Liz Wilson headshot

Being happy...

In this personal piece Impact’s Senior Consultant Liz Wilson shares some thoughts on happiness.

The most important job I've ever had is to train my two children in how to be happy – I think that's a parent's job. To teach them to laugh (at themselves more than anything else), to let things go, to enjoy making other people happy, to get pleasure from achievements and acquisitions, but - perhaps most importantly - to be profoundly aware of the value of everything they've already got. What makes me happy is seeing them be kind to their friends – letting someone else have the last glass of juice or the first go on the X Box. Doesn't happen very often, mind you!

The other things that make me happy? Making people laugh, being made to laugh, making myself laugh! Five episodes of Mad Men in one night. A massive scone. Dancing and singing (really well) while I get ready to go out. Knowing I've done a good job and people are pleased with me. These things.

I don't struggle to get up in the morning – I'm always late so I have no choice! I immediately go for 10-minute run – up the hill and back. It makes me feel I can eat cake all day. Then I wake my children up and they are beautiful, warm and quiet and anything is possible – this might be the day when I don't end up wanting to sell them! One day it will actually be that day, I hope!

I have eliminated from my life pretty much anything I don't want to do (excepting some basic household chores). I talk to people who make me feel good about myself and give me energy. I do work that stretches and excites me beyond anything I imagined possible. I ask for what I want with confidence and I know I'm going to be OK, whatever happens – or that I'll survive at least, with the love of the people I love. I eat what I want, but in moderation. I drink a glass of Prosecco and it feels like high living luxury. I tidy a shelf and feel ridiculously proud of myself!

I think happiness, just like leadership, is a capacity we all have – that we can work on and develop and learn to notice and nurture in ourselves and other people. It's a cliché, but it's true, that nothing can make you happy. I think I've learned, in some very difficult ways, over many many years, how to be happy and what a modest, humble and personal thing that is. As I write this I feel full of the happiness made possible by my children, my friends, my work, and my unfathomable and unearned good fortune to be born where, when and what I was.

Liz’s suggestions for how to stay happy at work:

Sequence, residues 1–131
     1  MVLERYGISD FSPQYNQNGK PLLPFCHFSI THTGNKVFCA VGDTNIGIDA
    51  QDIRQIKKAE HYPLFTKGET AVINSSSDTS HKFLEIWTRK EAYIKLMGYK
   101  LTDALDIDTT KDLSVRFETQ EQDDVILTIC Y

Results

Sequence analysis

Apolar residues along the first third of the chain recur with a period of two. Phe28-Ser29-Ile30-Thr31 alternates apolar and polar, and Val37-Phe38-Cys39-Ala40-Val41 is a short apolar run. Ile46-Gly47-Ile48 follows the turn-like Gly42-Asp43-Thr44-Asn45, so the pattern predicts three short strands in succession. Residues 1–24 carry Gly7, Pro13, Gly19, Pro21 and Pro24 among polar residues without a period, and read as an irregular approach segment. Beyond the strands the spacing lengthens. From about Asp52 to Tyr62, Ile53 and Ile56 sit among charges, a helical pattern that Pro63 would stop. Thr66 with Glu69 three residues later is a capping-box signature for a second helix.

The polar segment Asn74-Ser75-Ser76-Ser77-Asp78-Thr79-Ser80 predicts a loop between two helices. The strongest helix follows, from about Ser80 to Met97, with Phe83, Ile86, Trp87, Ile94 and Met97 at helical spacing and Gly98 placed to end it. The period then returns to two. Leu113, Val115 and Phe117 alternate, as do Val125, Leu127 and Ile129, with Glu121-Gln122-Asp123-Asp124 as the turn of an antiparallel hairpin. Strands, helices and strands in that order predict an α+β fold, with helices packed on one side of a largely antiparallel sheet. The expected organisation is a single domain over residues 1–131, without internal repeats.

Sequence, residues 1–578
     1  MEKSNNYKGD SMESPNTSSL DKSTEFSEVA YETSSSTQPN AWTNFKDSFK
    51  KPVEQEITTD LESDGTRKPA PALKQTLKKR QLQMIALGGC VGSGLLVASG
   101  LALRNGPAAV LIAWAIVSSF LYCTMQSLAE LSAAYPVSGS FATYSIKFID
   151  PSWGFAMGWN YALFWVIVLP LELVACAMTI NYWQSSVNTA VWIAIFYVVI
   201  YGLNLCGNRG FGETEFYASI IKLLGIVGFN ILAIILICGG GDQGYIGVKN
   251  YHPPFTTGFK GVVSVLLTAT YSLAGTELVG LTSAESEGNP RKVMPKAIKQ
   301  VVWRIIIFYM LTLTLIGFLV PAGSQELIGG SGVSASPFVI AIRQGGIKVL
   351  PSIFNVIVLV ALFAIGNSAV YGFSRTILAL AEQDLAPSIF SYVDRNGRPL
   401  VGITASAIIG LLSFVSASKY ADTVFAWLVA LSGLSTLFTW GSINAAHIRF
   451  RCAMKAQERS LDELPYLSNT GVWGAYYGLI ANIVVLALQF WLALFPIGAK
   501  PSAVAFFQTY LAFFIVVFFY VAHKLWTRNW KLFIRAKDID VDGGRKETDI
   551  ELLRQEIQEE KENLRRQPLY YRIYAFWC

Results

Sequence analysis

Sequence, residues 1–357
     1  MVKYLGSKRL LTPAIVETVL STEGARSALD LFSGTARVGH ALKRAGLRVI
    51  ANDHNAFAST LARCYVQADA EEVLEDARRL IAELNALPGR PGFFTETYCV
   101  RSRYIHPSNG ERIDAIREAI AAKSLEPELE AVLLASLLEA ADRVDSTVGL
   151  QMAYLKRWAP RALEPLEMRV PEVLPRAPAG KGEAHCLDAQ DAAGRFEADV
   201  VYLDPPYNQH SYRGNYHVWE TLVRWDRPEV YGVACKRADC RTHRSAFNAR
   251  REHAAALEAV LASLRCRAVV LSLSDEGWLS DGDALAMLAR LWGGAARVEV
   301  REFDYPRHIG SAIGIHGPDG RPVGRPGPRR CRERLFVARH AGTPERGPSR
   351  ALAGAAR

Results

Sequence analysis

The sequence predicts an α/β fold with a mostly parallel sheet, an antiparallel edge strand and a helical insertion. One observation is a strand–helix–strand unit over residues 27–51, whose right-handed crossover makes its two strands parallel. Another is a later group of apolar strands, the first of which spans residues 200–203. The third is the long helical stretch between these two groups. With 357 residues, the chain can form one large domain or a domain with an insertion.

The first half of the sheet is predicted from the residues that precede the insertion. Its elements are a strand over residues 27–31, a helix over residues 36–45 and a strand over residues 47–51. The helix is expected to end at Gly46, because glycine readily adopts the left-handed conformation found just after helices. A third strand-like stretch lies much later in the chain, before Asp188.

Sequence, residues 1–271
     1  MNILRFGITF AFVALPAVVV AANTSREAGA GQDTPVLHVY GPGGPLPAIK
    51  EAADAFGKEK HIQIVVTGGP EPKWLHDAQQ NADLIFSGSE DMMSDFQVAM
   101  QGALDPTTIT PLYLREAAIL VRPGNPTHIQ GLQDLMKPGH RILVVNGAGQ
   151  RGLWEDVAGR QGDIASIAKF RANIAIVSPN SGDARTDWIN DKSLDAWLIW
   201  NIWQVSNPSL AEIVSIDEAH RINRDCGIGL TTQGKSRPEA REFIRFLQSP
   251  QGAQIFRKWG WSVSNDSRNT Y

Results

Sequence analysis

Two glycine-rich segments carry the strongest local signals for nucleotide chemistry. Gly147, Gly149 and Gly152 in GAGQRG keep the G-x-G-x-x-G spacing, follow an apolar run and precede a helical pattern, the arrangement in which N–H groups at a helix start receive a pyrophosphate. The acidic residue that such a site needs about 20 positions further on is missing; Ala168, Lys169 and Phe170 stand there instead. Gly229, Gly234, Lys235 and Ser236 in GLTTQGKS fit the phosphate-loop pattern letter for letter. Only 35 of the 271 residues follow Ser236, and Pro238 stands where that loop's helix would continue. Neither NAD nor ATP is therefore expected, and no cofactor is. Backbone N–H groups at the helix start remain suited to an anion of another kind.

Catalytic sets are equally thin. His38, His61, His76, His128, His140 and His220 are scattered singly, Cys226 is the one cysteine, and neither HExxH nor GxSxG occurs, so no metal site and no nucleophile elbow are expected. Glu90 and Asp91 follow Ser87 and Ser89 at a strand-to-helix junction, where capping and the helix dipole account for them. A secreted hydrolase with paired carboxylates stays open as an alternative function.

• Accept that your happiness is only your responsibility, not anyone else's. Unless you are actually in prison, work is not a prison – the door is always open and we all have a choice. If I'm choosing to work somewhere I should be able to articulate why I am happy to stay.
  • Be a role model of the culture you'd like to see at work – you will bring people along with you. And if you continue to feel like a square peg in a round hole – move on! Always check that you are being yourself.
  • Keep noticing if you are actually getting a thrill from what you're doing – are you regularly uncomfortably excited? If not – why not!? Get out of there! Or make it more, make it different!
  • No-one will ever mind if you take on more, if you do something new and brilliant, if you suggest something new or put your hand up or apply for an outrageously ambitious role. If they do – get outta there!
  • Be curious about people, rather than being personally affected by them – you will meet all sorts of people and you won't like them all! Don't let other people project their negativity onto you – be interested, try to work out why they are the way they are, can you help them to be happier? Know what's your s**t and what's someone else's s**t!
  • You do a better job of anything when you can laugh about it – whatever it is, keep laughing.
  • Strive to make other people look good, always – there's huge pleasure in that and it will come back to you over and over.
  • Tell people what you like about what they've done, thank and congratulate them and be specific. We might as well all do as much as we can of what we're best at – so we need to know what it is! And if someone's making things difficult or unpleasant for you, or for themselves – tell them that too, in the same spirit.

How do you stay happy? Do you think you're a good role model to your children? We'd love to hear your thoughts in the comment box below.